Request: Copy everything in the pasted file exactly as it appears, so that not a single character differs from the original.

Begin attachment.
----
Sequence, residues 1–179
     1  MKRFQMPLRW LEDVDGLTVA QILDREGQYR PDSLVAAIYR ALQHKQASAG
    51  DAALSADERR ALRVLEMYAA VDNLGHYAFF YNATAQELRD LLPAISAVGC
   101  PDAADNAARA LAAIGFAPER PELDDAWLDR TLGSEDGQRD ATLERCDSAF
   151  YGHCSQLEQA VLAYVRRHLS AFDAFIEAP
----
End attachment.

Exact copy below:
Sequence, residues 1–179
     1  MKRFQMPLRW LEDVDGLTVA QILDREGQYR PDSLVAAIYR ALQHKQASAG
    51  DAALSADERR ALRVLEMYAA VDNLGHYAFF YNATAQELRD LLPAISAVGC
   101  PDAADNAARA LAAIGFAPER PELDDAWLDR TLGSEDGQRD ATLERCDSAF
   151  YGHCSQLEQA VLAYVRRHLS AFDAFIEAP